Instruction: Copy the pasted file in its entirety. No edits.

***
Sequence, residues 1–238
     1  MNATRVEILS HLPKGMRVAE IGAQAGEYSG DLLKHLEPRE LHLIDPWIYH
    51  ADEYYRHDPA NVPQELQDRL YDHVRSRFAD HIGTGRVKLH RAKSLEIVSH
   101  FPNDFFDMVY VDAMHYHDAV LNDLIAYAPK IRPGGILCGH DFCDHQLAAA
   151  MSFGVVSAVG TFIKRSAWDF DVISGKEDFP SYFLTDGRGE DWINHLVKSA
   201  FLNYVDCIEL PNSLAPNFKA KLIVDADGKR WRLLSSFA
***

Sequence, residues 1–238
     1  MNATRVEILS HLPKGMRVAE IGAQAGEYSG DLLKHLEPRE LHLIDPWIYH
    51  ADEYYRHDPA NVPQELQDRL YDHVRSRFAD HIGTGRVKLH RAKSLEIVSH
   101  FPNDFFDMVY VDAMHYHDAV LNDLIAYAPK IRPGGILCGH DFCDHQLAAA
   151  MSFGVVSAVG TFIKRSAWDF DVISGKEDFP SYFLTDGRGE DWINHLVKSA
   201  FLNYVDCIEL PNSLAPNFKA KLIVDADGKR WRLLSSFA